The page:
I decided a post like this was long overdue. If you’re feeling inclined + have a Kindle, pick up my e-book on foster care to get an even more intimate picture of foster care and helpful/harmful things you can do in a foster youth’s life. As a disclaimer: this is my OPINION. I’m sure many of you have taken parenting/adoptive classes which say the opposite advice. Don’t do anything stupid. And if you don’t like these opinions, that’s fine too. I speak on behalf of those who have been in my shoes, not for foster parents or caseworkers.
To those of you not fosters–pass this info on if you know anyone who is interested, or even a current foster parent. The voices of alumni are usually quiet, and softspoken. But as you all know I’m neither of those things, SO.
1. Don’t try to fix them. Just don’t. Let me repeat this. YOU CANNOT FIX THEM. You never will. No matter what anyone’s past is, it is up to that person and that person alone to wade through the bullshit they’ve been dealt and make something prosperous out of it. I don’t care about your parental instinct. You won’t fix them. Be there for them. BE. THERE. FOR. THEM. Be their mentor, their advocate, be their friend. The only way people take charge of their lives after trauma is if they know they have supportive, loving people around them to help. Do not try to fix them.
2. Encourage therapy. Get the stigma of mental health problems out of the entire household. Teach them that therapy is a positive tool and everyone should utilize it, but ESPECIALLY those who have been wronged by their caretakers. If they whine and protest, fine. Tell them to talk to their therapist about it. I’ve found great success personally with cognitive behavioral therapy, but see what works. Again, it’s all about being their advocate. Do it for them.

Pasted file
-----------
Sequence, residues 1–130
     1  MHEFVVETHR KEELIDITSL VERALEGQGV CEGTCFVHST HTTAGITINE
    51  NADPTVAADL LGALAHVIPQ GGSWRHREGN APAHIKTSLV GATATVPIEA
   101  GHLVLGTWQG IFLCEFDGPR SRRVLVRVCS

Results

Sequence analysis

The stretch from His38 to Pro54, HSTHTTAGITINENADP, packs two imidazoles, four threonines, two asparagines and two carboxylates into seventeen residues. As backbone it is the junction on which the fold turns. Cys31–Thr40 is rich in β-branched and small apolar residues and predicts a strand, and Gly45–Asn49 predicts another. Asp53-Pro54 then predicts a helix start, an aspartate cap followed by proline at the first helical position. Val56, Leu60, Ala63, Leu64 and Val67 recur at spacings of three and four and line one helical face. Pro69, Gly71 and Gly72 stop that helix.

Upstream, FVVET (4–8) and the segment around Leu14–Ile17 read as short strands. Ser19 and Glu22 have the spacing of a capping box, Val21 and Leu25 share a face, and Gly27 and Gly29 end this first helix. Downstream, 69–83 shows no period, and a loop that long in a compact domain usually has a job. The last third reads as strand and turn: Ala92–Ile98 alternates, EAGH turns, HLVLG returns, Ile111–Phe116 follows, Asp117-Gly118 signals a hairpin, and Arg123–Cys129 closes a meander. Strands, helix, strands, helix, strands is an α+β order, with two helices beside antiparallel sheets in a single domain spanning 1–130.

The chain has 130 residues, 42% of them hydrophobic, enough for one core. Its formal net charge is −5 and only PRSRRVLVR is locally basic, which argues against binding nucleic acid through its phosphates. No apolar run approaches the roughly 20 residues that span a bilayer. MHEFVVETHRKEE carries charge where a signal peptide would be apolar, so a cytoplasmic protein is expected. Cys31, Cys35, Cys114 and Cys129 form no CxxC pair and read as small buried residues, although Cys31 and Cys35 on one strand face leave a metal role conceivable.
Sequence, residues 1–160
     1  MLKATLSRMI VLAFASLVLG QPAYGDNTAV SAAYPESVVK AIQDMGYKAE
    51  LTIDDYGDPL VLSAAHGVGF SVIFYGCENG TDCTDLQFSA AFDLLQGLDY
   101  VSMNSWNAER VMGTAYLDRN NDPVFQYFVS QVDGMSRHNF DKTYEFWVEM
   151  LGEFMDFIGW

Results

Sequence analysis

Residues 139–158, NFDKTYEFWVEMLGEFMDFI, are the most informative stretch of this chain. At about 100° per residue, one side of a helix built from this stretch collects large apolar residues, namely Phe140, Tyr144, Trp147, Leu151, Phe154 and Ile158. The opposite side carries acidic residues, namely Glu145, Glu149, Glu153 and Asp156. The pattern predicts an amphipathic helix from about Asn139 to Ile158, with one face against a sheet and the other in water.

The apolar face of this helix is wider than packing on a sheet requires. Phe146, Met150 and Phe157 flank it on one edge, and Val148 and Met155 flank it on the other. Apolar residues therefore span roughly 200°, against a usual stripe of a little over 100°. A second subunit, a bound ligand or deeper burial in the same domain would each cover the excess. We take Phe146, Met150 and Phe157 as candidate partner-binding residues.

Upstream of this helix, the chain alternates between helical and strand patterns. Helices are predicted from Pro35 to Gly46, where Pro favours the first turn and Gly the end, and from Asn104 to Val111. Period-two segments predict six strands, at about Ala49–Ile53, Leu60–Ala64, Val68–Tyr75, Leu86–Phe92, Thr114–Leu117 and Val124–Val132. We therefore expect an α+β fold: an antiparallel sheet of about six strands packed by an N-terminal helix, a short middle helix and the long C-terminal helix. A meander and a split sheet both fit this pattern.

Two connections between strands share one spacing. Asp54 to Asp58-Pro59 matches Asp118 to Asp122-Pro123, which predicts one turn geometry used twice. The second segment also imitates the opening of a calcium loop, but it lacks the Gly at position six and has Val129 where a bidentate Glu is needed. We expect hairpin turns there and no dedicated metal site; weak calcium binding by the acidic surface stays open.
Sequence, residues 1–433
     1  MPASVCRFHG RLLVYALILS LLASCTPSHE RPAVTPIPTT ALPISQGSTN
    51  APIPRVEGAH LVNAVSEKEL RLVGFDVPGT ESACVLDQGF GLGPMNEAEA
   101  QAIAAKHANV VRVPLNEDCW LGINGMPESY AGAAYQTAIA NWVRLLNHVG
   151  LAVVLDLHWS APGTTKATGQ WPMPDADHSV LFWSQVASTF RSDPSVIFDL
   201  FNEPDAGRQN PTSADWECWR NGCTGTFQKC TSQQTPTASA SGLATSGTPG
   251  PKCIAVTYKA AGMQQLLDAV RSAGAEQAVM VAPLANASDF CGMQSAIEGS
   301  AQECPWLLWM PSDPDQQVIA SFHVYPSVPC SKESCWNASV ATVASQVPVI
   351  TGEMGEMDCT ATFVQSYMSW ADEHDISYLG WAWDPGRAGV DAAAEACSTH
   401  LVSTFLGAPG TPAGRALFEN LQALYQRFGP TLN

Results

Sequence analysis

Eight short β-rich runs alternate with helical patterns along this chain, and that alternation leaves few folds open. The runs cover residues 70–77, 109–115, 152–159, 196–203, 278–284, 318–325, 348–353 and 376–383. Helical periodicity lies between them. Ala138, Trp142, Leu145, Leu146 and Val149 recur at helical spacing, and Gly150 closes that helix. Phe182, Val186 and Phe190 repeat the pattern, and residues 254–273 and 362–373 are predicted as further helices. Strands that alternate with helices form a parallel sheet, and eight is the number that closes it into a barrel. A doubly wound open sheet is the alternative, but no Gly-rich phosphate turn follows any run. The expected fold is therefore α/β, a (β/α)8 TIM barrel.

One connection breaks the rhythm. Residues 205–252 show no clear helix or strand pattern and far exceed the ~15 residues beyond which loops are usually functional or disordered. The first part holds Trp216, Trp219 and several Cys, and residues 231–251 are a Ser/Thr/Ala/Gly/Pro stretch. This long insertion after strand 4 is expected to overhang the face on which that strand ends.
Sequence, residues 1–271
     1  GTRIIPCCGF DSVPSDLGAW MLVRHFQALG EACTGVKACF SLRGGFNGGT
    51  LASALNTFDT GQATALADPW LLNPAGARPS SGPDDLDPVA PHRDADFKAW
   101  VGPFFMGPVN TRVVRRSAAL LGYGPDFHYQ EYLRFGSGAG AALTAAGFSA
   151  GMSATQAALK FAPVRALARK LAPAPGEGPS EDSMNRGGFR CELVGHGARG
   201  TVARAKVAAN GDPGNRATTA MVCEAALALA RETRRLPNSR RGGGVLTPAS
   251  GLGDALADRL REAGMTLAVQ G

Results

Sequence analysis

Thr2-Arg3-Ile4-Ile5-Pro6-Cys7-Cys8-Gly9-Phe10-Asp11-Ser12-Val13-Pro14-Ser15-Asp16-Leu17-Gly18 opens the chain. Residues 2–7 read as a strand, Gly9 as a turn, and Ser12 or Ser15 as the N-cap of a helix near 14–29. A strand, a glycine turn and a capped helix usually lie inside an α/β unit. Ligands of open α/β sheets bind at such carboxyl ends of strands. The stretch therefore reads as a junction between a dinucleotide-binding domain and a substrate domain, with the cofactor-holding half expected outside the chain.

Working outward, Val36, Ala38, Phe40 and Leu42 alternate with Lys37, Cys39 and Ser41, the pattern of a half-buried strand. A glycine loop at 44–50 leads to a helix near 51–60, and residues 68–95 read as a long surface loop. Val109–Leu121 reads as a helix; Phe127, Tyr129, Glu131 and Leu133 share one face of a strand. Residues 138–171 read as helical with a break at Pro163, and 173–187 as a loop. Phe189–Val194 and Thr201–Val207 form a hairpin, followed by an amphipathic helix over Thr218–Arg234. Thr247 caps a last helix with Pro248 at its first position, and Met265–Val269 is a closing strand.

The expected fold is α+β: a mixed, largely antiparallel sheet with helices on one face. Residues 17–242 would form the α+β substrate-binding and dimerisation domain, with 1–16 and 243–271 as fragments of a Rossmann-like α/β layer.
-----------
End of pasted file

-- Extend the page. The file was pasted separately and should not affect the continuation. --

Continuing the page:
3. DON’T. TALK. SHIT. ABOUT. BIOPARENTS. I don’t care if a kid’s parents tried to murder them with a hammer. I don’t care. Don’t even think about running your mouth and DEFINITELY don’t do it with or in front of the kids. If a youth says something like “My parents suck.” Say, “Yeah…they kinda do. I’m sorry.” If a youth says, “My parents hate me.” Say, “They’re foolish not to see the wonderful parts of you.” If a youth says, “I miss my parents. I love my parents.” You say, “Of course you do. They’re your parents.” Don’t give them false hope for reconciliation. Don’t tell them their parents will ruin their lives. Keep your thoughts to yourself or your monthly parental support meeting. Youths do not need to hear the bullshit. AGAIN, YOU ARE SUPPORTING THE YOUTH. YOU ARE NOT STARTING THE PITCHFORK MOB AGAINST THEIR PARENTS.
4. Let them have breathing room. A foster youth is not a fucking criminal. Let them have extracurricular activities, as much as you can or are allowed. Caseworker says no to joining the track team? Push that shit. Advocate. Painting, learning foreign languages, and playing softball never destroyed anyone’s life. Nurture the child’s creativity. Let them know how important hobbies are.